No matter how astute they are, researchers (in most cases) don’t know what it is like to live with Parkinson’s. I don’t have Benzi’s expertise and he doesn’t have mine.

But together we have both. If we are ever going to improve lives and end Parkinson’s, from diagnosis forward, we need scientists and patients on the same team.

Kirk Hall of Highlands Ranch, CO, is a Research Advocate with PDF who participated as part of the faculty for the inaugural PDF “Palliative Care in Parkinson’s Disease Conference” held last October in Denver.  He also coordinates the patient/caregiver advisory council for Dr. Kluger’s PCORI funded study, “Does Outpatient Palliative Care Improve 

Monday, June 21, 2021

Balance: An Important Component of Wellness


Written in early 2016 

As a blogger partner for the upcoming World Parkinson Congress that will be held September 20-23, 2016 in Portland, OR, I have been asked to write a series of articles on subjects relevant to Parkinson’s.

Wellness is a subject that gets a great deal of attention in the PD world, and rightly so.  There are a variety of “wellness categories”.  Physical wellness with a focus on exercise and nutrition has been discussed and researched in detail by organizations such as the Davis Phinney Foundation and Brian Grant Foundation.  Cognitive wellness, a topic that is intuitively relevant with Parkinson’s, has not been widely researched but has received attention in journals.  Other intuitive categories include psychological, relational, spiritual, financial, and personal (clarity around individual preferences), all relevant to current research in which I am involved regarding PD Palliative Care.

The focus of this article is the need for balance (somewhat ironic in that lack of “postural stability” is a one of main motor symptoms of PD).  What I have in mind, specifically, is balance in “engagement”.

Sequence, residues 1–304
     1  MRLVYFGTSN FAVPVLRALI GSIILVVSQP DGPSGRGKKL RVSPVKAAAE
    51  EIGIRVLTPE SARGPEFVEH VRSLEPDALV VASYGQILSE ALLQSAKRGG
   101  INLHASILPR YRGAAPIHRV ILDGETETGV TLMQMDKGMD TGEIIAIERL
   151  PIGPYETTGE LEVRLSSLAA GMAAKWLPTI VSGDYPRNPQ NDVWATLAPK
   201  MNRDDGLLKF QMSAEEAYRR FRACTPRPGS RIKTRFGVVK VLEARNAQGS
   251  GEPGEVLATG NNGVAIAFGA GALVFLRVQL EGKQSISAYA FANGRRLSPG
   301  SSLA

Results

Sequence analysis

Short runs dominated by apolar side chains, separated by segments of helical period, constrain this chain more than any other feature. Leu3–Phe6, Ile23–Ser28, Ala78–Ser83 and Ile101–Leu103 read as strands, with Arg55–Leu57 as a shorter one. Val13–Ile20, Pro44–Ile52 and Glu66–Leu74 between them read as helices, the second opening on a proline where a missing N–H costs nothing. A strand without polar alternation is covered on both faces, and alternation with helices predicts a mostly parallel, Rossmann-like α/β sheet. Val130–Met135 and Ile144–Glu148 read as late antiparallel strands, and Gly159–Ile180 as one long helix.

In discussions with support groups, this is a topic I always emphasize.  One of the biggest problems PWPs and care partners face is apathy (under-engagement).  My experience is that identifying and engaging “passions” can help overcome this problem.  In my own case, I realized a couple years after diagnosis that the best way for me to “climb out of my funk” was to devote more time to helping others (as written in by PD book, Window of Opportunity: Living with the reality of Parkinson’s and the threat of dementia).  This decision was a major turning point in fight against PD that changed my life in ways I could not have imagined!  Without going into detail, let me just say that I have been abundantly blessed with many opportunities, very nearly all of which I have engaged.

As time has gone by, my PD has inevitably progressed and my abilities have changed.  Also, my “life priorities” outside PD (something to which we all need to pay attention) have evolved.  My commitments in the PD world are hugely important to me, but I am beginning to realize that my commitments to my family and related life decisions are at least equally important.  This is not easy for me to accept. 

An analogy that comes to mind relates to my participation (with my wife and family) in the Bolder Boulder, an annual 10k fundraising event we have entered the last few years.  I noticed this past year that, after walking (I am not a runner anymore) at a brisk pace (with the help of walking poles) for six miles, after I crossed the finish line I had a very hard time slowing down.  My body wanted to, but my brain wouldn’t let me.  I have seen this in friends with advanced PD and learned that it is called festinating gait (a manner of walking in which a person’s speed increases in an unconscious effort to “catch up” with a displaced center of gravity).

Similarly, my involvement in the PD world has developed a degree of momentum, making it difficult for me to “slow down”.  My head tells me I will have to but my heart doesn’t want to listen.  As a result, I am wrestling with the potential for over-engagement in the PD world (if I am not already there) at the expense of other life plans that are taking shape.  All of which reinforces the need for balance.

Easier said than done.